Dano Monkotowich, Jerusalem Branch Coordinator
From Dano I learned a new definition for the term “alternative medicine.”
“Patients and their families appreciate what our work does only after we are not on the scene anymore. A worried family member sits next to his loved one’s room in the hospital chewing at his nails or hunting for an outlet where he can charge his cell phone. He’s nervous, concerned, frightened.
Suddenly an Ezer Mizion volunteer passes by with his refreshments cart and offers him a Danish pastry. The fellow thanks him with a blank expression, opens the wrapper, and eats the cake. The volunteer has already continued on his way. He is already on the next floor, in a different ward. Meanwhile, downstairs, the person pulls off half of the pastry and gives it to his sick relative. They finish munching, flick away the crumbs, and suddenly grasp what ‘alternative medicine’ is.”
Dano is right. It’s not the Danish. It’s the secret ingredient. The compassionate smile. The pat on the shoulder. The sympathetic words of encouragement. It’s the giver, even more than what is given. You are sitting there in the oncology ward at your low point. You have forgotten that you didn’t put a thing in your mouth the entire day. It is not even ‘alternative medicine’. It is medicine itself and without the pain that often comes with medical treatment. Plain and simple. Both the patient and the family member feel so much better. Someone noticed them as a person- not a vein to jab or a form to fill out. Someone understands what they are going through. Someone cares.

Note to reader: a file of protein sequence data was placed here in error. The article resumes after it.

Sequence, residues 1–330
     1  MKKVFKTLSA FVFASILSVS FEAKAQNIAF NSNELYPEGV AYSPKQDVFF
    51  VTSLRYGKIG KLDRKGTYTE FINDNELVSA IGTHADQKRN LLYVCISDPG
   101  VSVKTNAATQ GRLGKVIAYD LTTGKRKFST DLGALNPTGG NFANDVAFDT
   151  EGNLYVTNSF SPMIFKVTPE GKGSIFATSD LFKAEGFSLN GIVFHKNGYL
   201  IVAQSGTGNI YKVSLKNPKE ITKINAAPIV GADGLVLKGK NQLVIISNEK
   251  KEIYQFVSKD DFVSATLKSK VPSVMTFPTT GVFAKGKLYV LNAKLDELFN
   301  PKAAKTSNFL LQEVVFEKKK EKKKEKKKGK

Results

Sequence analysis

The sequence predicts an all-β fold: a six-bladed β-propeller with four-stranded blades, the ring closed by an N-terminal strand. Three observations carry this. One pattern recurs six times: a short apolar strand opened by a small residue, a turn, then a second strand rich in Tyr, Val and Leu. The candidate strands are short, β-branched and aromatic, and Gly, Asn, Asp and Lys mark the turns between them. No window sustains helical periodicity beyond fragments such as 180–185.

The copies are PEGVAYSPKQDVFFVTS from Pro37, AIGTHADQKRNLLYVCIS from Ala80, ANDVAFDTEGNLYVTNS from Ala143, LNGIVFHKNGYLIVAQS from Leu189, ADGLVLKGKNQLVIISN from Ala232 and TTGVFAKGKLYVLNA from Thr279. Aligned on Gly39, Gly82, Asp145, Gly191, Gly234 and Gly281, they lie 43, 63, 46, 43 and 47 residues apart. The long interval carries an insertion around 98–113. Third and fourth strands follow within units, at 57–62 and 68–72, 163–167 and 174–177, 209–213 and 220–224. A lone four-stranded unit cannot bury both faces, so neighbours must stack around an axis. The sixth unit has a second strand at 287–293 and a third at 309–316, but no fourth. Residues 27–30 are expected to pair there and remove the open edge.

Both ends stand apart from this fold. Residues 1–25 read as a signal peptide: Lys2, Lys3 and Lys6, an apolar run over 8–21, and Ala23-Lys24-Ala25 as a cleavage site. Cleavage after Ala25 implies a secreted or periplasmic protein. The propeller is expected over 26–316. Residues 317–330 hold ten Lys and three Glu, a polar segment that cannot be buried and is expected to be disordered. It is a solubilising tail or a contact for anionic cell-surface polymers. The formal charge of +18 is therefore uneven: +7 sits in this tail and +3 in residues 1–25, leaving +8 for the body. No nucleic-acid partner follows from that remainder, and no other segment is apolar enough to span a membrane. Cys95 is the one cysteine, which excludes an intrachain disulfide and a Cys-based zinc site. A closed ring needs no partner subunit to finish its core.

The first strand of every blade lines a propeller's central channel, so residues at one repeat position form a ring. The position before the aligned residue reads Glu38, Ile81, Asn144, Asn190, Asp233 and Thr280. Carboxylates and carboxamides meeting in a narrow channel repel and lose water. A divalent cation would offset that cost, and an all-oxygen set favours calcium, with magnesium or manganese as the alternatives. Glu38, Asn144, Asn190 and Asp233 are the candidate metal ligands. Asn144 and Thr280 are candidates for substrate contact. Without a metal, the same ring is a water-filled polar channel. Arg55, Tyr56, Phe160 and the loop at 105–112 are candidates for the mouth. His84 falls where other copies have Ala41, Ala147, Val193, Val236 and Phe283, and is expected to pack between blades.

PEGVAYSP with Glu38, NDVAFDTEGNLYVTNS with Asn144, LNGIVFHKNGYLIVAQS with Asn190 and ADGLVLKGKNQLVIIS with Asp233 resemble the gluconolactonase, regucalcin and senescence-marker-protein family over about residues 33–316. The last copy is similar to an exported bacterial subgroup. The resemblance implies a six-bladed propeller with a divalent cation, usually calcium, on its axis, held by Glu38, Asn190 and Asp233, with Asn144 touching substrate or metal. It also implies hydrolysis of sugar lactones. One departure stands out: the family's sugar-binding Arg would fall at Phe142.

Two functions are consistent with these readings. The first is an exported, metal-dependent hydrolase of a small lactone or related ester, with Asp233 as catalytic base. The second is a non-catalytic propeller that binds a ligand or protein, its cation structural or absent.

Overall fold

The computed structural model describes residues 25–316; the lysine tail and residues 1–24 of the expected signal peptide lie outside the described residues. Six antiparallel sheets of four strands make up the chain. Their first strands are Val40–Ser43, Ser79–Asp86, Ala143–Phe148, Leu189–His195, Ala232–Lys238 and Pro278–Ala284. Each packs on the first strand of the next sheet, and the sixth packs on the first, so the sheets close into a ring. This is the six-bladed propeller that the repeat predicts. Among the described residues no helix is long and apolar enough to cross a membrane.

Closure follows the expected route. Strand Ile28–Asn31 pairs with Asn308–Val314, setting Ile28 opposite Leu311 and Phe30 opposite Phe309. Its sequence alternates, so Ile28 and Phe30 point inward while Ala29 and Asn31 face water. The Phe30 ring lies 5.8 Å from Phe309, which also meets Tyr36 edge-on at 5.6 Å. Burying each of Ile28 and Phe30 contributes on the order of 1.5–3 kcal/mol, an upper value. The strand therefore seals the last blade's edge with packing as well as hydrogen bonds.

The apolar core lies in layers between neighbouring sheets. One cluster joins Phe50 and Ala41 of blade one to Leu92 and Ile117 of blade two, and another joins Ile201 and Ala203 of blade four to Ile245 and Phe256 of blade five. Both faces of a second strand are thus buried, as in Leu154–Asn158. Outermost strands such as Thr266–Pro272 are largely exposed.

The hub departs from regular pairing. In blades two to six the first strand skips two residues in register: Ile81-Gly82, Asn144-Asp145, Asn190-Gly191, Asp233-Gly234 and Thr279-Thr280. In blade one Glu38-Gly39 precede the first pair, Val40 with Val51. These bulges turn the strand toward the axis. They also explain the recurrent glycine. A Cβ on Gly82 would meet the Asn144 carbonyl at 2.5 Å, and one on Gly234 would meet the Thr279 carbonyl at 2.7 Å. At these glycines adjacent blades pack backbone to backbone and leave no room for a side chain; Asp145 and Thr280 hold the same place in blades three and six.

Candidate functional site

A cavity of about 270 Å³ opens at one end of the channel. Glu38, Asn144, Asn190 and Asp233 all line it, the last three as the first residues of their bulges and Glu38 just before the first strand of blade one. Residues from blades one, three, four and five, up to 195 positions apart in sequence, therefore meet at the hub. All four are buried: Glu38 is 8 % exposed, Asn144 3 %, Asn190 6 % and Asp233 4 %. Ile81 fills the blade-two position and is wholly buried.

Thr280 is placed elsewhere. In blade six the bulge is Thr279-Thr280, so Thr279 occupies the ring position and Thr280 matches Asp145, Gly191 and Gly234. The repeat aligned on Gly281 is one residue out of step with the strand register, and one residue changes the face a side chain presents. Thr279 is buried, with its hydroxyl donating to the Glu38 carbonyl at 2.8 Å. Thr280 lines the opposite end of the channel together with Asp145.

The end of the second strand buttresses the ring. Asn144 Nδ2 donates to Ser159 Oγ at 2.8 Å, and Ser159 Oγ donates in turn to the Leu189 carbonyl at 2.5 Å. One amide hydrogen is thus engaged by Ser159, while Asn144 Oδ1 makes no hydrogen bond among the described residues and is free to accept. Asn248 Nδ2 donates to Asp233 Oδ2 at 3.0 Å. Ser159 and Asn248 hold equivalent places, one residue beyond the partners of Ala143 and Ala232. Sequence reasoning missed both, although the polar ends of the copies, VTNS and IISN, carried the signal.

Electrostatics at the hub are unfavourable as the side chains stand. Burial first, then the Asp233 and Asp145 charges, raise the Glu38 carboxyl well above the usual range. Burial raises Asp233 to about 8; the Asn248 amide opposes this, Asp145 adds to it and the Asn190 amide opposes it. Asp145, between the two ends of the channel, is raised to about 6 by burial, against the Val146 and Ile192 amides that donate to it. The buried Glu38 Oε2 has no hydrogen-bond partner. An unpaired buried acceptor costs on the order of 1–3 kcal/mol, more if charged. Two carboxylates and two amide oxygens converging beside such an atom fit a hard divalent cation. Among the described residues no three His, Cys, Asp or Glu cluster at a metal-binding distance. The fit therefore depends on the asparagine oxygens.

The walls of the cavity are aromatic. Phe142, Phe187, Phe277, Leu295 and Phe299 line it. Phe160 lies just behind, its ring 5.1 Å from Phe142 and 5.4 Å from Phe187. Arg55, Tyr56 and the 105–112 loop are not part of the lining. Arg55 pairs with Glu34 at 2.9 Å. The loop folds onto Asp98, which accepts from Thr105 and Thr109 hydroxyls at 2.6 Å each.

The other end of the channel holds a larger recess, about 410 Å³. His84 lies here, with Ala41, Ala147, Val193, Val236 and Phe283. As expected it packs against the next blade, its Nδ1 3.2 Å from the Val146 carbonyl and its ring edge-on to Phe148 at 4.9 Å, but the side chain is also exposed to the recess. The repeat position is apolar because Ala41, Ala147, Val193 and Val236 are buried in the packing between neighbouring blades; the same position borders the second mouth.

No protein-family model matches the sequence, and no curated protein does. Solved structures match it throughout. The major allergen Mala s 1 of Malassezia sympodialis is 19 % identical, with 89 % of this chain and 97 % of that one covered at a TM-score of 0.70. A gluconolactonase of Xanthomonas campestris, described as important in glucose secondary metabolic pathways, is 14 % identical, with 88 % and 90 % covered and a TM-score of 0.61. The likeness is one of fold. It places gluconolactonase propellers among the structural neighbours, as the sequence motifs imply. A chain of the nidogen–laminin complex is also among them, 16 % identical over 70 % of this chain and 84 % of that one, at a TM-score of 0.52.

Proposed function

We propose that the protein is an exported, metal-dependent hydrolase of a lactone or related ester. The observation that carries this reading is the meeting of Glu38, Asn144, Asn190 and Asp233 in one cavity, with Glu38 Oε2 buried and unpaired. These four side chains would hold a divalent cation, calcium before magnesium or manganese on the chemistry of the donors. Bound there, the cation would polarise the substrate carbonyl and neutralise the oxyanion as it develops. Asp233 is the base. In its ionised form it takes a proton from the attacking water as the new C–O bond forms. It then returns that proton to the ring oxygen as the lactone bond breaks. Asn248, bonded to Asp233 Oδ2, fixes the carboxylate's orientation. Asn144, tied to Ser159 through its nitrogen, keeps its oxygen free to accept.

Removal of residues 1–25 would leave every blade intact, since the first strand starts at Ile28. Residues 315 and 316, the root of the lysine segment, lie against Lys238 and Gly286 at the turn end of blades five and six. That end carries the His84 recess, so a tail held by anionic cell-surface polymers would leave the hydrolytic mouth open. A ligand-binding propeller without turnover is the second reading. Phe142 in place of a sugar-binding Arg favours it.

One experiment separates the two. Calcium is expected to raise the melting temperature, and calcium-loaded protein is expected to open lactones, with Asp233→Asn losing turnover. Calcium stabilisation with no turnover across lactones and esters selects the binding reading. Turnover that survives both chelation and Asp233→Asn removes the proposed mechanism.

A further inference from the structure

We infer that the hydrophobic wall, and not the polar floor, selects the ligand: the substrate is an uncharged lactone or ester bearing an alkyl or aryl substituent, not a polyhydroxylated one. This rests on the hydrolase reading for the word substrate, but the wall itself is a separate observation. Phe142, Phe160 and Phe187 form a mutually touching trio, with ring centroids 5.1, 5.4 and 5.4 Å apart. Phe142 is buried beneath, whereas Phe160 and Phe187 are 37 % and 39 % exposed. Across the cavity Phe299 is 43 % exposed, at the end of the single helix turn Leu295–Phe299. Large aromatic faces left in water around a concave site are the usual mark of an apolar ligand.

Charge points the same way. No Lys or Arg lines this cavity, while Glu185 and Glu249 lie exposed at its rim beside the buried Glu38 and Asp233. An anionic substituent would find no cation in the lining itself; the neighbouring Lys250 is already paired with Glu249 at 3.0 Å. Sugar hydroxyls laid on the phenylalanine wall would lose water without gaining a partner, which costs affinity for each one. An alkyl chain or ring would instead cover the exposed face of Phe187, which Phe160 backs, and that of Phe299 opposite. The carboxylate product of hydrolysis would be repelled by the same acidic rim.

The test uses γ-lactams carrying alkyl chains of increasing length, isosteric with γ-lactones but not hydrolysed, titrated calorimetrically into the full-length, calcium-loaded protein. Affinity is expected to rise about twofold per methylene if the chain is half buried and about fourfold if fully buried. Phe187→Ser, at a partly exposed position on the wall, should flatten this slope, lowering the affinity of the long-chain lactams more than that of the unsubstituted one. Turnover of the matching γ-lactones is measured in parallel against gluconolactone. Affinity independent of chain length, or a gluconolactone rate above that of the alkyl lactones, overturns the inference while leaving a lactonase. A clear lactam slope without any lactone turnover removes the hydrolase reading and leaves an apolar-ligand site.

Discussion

Every day, Ezer Mizion’s Lottie’s Kitchen volunteers walk through hospital wards on regular routes at set hours and distribute their alternative medicine- pastries, hot meals, sandwiches, and drinks- to patients and their families. The ‘treatment’ affects not only the patient and family member but also the Lottie’s Kitchen volunteer. “It feels good to give,” they all say once they have tasted the experience.
“A few years ago,” Dano says, “we launched a project to recruit volunteers, with an interesting theme: Couples. The couples, usually parents of children, took upon themselves one or more volunteer rounds a week. They walk or drive to the hospital, load the meals onto the wagon, and go through the wards to distribute them. What were the results? Patients and their families whose pain was lessened, a greatly strengthened volunteer network, and, as a bonus: greatly enhanced matrimony. There is something about this joint work of doing chessed for others that does wonders for their marriage. I am willing to wager that on their way home, the couple has already forgotten all about the fights they had that afternoon and the entire week before.”
You know what I found most interesting in this whole story? Think about it. When someone you know has to be in the hospital, chas v’shalom and suddenly an energetic young man or woman sporting an Ezer Mizion shirt comes over and offers you a sandwich, does it seem strange to you? Unexpected? No, not at all. You know why? Because Ezer Mizion has become synonymous with giving. We have grown accustomed to it. And as far as I’m concerned, this pleasant routine, this naturalness with which we accept the Ezer Mizion giving– that is the biggest story of all.